Main Body

  • No line space between paragraphs.
  • In-text citation details are given under its own subheading later in these guidelines.

Section Headings and Subheadings in the Main Text

Further details on headings and subheadings within the main text are specified below.

  • Level 1 headings (section headings) such as Introduction, Methods, Results, Discussion, and Conclusions should be numbered (1, 2, 3…), bolded, and left-justified. The first paragraph of the text after the level 1 heading should start after a blank line.
  • Level 2 headings (subheadings) should be numbered as 1.1, 1.2, 1.3, and so on, left justified and italicized. Capitalize the first letter of all major words in the headings, but do not capitalize articles (a, an, the), and coordinating conjunctions (and, but, for, with, etc.). The first paragraph of the text after the level 2 heading should begin immediately (without a blank line).
  • If needed, level 3 headings (subheadings) can be used and should be indented, left justified, italicized, and numbered as 1.1.1, 1.2.1, 1.2.2, and so on. Capitalize the first letter of all major words. The first paragraph of the text after the level 3 heading should start immediately (without a blank line), as in level 2.
  • The first line of paragraph text following the heading of each level should be left justified with no indentation, but the first line of the subsequent paragraphs shall be indented.

The introduction should identify problems/research question(s) and provide an adequate background and rationale for the study with a relevant literature review in a logical order. A typical ending of the introduction should include a hypothesis and objective. It should not include any methods, results, or conclusions.

Theory/Calculation/Equations (if necessary, in the field of Social Sciences/Economics, wherever appropriate): This section should extend the background of the article with the necessary theoretical/empirical framework without repeating any content included in the earlier portion of the Introduction Section.


This section should provide sufficient details of methods/procedures, location (study site), year(s) of research, study design (e.g., experimental or survey), equipment and measurements, data (study setting, sample, data collection), and statistical analyses to allow other researchers to reproduce the work.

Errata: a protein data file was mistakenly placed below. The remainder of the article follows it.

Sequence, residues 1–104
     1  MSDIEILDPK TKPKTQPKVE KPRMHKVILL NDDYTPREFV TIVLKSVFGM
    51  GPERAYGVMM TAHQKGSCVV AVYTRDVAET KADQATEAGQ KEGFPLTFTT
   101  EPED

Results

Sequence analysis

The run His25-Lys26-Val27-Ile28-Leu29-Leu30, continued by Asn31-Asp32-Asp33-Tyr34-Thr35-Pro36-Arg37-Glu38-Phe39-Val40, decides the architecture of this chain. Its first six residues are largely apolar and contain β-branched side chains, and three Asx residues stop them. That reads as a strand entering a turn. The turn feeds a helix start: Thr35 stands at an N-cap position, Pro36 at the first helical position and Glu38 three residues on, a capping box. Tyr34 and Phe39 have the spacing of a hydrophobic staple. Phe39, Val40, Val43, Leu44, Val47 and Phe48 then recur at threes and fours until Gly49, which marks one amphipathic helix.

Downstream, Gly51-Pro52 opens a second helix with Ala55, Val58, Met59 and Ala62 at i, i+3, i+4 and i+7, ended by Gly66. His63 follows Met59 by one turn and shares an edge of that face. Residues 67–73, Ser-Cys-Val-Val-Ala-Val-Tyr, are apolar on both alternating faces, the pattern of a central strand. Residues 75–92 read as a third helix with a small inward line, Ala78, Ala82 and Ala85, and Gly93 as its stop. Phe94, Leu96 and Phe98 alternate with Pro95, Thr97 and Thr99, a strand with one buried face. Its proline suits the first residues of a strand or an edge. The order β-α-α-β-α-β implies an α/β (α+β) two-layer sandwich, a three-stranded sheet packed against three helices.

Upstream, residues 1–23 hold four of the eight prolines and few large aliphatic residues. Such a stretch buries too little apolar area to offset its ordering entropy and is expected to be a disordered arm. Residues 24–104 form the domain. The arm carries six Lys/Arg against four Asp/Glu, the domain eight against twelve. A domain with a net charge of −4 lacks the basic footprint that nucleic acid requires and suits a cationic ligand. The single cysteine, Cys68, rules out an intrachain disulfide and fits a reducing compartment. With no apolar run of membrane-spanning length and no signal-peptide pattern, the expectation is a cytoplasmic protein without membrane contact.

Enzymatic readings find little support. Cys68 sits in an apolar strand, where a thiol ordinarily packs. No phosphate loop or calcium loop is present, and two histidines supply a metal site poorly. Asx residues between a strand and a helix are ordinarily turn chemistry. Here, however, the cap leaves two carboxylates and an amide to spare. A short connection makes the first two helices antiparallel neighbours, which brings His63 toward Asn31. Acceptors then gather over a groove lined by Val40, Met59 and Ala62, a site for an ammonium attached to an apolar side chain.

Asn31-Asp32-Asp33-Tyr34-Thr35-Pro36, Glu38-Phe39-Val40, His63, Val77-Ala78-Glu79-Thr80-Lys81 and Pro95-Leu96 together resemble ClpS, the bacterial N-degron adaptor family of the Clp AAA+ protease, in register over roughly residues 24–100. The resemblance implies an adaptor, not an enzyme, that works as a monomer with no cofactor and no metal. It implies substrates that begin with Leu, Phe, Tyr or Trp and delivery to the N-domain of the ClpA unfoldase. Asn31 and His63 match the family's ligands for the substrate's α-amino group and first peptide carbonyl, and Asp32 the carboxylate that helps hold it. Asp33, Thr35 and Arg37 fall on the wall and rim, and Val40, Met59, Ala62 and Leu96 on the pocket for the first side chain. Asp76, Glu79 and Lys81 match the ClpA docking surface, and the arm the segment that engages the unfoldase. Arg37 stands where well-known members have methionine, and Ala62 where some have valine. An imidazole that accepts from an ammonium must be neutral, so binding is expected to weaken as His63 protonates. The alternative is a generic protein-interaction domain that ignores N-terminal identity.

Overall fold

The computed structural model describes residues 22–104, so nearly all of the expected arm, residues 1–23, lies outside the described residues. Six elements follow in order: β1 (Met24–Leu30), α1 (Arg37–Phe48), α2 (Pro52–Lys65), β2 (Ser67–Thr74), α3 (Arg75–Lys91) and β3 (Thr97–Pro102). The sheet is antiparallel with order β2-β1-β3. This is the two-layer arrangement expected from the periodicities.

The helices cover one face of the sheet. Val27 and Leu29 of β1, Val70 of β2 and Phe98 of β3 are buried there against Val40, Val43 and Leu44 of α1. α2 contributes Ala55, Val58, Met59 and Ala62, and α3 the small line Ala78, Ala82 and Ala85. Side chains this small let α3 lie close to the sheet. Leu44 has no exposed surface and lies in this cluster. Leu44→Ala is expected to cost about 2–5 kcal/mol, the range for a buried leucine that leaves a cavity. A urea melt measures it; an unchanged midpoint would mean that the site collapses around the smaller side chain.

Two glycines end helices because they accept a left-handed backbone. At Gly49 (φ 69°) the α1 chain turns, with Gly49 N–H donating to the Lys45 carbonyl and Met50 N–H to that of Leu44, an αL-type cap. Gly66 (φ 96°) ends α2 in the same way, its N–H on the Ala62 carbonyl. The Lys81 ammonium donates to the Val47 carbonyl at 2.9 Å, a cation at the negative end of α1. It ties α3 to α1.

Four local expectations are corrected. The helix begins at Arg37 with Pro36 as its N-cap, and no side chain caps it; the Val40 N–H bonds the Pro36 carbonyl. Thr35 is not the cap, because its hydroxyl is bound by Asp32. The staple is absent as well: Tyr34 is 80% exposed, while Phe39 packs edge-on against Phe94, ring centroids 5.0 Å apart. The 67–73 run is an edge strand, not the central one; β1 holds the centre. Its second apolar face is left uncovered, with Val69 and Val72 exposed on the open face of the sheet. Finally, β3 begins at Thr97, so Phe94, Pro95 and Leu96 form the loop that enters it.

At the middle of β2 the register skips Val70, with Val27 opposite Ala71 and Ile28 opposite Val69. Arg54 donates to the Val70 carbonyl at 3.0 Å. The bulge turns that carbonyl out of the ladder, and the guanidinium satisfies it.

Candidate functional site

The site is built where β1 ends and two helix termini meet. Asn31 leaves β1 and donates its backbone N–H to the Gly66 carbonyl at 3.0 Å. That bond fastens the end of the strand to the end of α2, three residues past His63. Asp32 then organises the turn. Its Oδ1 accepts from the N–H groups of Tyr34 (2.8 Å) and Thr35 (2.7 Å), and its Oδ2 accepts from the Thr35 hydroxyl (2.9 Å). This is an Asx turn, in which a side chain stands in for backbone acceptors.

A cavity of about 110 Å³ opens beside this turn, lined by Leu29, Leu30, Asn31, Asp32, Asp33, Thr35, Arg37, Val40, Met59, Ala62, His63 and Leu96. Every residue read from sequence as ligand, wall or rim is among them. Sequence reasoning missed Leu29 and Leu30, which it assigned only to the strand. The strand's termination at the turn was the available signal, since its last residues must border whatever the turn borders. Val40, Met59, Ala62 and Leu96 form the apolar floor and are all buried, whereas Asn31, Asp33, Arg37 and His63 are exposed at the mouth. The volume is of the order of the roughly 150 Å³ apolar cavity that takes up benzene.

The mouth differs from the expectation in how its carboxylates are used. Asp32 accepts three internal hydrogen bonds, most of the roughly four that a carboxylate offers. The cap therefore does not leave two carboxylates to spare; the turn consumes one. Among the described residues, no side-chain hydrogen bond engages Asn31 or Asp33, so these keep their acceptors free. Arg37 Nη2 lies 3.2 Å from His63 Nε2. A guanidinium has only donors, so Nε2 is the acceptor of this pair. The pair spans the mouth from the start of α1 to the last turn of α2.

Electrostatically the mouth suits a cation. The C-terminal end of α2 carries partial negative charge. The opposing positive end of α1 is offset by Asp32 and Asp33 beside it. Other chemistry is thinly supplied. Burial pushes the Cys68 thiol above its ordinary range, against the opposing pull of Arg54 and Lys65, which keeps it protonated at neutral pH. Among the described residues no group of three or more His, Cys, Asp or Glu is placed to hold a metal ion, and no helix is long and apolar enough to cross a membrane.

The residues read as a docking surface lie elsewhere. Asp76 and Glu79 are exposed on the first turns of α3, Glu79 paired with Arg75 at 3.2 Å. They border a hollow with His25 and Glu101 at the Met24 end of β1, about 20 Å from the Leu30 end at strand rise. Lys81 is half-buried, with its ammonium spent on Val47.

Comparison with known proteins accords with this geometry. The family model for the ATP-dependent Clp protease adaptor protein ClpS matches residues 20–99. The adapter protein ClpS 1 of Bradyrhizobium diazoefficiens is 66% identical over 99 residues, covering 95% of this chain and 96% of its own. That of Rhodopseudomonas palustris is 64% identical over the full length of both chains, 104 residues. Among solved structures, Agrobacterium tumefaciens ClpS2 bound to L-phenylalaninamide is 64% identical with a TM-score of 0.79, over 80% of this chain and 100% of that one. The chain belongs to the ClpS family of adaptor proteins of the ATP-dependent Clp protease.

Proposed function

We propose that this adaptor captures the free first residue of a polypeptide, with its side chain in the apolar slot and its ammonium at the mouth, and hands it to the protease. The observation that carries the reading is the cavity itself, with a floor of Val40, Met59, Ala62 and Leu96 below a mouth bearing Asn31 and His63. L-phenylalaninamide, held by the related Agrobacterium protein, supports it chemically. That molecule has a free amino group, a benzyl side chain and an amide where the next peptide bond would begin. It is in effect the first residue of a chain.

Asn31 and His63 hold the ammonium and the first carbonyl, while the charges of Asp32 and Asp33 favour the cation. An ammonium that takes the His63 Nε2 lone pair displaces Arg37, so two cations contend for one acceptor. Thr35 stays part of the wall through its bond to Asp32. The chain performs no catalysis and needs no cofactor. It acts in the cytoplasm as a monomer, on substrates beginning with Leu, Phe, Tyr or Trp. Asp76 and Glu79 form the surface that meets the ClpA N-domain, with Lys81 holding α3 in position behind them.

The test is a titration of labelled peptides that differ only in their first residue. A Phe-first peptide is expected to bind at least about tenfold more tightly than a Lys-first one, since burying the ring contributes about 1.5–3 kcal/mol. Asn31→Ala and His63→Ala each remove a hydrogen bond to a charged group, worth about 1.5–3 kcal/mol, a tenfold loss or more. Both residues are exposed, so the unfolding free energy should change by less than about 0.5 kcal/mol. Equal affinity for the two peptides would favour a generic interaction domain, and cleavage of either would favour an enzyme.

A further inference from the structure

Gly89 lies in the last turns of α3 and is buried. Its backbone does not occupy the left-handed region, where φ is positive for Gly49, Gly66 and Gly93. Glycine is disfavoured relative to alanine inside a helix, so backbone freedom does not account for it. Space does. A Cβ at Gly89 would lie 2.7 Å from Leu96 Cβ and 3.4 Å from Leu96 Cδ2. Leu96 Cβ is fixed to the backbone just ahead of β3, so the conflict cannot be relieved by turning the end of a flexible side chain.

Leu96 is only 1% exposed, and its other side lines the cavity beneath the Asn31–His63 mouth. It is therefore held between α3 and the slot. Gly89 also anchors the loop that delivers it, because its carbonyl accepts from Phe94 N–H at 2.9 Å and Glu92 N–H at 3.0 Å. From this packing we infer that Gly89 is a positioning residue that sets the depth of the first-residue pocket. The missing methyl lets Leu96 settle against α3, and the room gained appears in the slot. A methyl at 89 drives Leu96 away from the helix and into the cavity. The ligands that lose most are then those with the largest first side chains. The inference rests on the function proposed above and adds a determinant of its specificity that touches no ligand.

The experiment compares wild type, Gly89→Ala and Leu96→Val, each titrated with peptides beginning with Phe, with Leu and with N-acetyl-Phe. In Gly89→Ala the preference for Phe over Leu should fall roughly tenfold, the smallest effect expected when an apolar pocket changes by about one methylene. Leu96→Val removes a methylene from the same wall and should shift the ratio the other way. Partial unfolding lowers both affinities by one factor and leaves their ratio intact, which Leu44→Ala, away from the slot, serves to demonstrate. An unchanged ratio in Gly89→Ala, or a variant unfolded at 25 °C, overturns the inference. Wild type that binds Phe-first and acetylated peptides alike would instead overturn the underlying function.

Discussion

All major findings should be presented clearly, concisely, and sequentially in the order of hypothesis and objective by citing the illustration numbers related to the findings presented. The Results Section should not include content that is appropriate to the Introduction, Methods, or Discussion sections.


The Discussion Section should present the significance and implications of the results without repeating what was presented in the Results Section. Here you will discuss whether the research hypothesis is supported or not, based on how the hypothesis was constructed, and the reasons for such a decision; the potential reasons why the results came out the way you observed; compare your findings with previous findings reported by other scientists on similar research, in terms of whether their findings are similar or contradictory to your findings; if contradictory, give the potential reasons. Present how the findings of the current research would be useful to the scientific community, end users, and the public as applicable and their significance. Discuss the limitations of the findings. Cite pertinent literature used in the discussion.


This section should provide the main takeaways and implications of the findings for future research and/or technology transfer and applications.


The authors should acknowledge funding sources, if any, for conducting the research, including any salary support for the authors. Persons who played a role in the research or the development of the article but were not mentioned on the author line may be acknowledged. Neither authors nor co-authors are mentioned under Acknowledgements.

In-Text Citations

APA style ( guidelines should be followed for text citations as shown below. Additional details and examples can be found at Purdue University Online Writing Lab (OWL) website:

One Author

The last name of the author and the year of publication should be inserted into the text as, for example, “Marks (2011) states that …” or … “(Marks, 2011).”

Two Authors

Both authors should be cited, e.g., Bee and Boyd (2010) state that…. or …. (Bee & Boyd, 2010).

Three or More Authors

If there are three more authors, cite the first author followed by the words “et al.” For example, “Thompson et al. (2020) suggest that …” or … “(Thompson et al., 2020).”     

However, if the same first author leads multiple works involving different authors in the same publication year, you should indicate the differences with the use of “a,” “b,” “c,” and so on with the publication year to avoid ambiguity. For example, simply writing “Rolfe et al. (2010)” would not distinguish the following two different publications.

Rolfe, Kolbe, and Gomez (2010) should be cited as, “Rolfe et al. (2010),” if cited prior to citing another reference with the same first author and published in the same year, such as Rolfe, Kolbe, Sylvia, and Gomez (2010), which should be cited as “Kolbe et al. (2010a).”

In the list of cited references, you should list all authors up to 20 authors. If there are more than 20 authors, you should put “…” between the 19th author and the last author. The in-text citation in such cases will still be “Author et al. (Year)” by avoiding ambiguity across publications as described above.

Citing Two or More Works at the Same Place

If citing two or more works within the same parentheses, they should be in alphabetical order of authors and each citation separated by a semi-colon, e.g., (Phillips et al., 2010; Rolfe et al., 2010).

Citation of Two or More Works by the Same Author Published in Separate Years

Give the author's last name followed by the years in ascending order each separated by a comma, e.g., (Davis, 2008, 2010, 2012).